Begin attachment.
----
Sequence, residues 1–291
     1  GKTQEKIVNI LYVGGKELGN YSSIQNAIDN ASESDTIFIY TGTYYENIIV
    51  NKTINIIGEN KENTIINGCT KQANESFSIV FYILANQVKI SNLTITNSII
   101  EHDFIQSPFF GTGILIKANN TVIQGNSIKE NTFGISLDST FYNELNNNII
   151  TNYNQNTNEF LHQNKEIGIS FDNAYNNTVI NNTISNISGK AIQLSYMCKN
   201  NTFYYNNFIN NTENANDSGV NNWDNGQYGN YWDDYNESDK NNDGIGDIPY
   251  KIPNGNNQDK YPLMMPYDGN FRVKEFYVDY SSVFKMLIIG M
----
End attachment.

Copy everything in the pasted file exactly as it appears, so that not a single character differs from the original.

Sequence, residues 1–291
     1  GKTQEKIVNI LYVGGKELGN YSSIQNAIDN ASESDTIFIY TGTYYENIIV
    51  NKTINIIGEN KENTIINGCT KQANESFSIV FYILANQVKI SNLTITNSII
   101  EHDFIQSPFF GTGILIKANN TVIQGNSIKE NTFGISLDST FYNELNNNII
   151  TNYNQNTNEF LHQNKEIGIS FDNAYNNTVI NNTISNISGK AIQLSYMCKN
   201  NTFYYNNFIN NTENANDSGV NNWDNGQYGN YWDDYNESDK NNDGIGDIPY
   251  KIPNGNNQDK YPLMMPYDGN FRVKEFYVDY SSVFKMLIIG M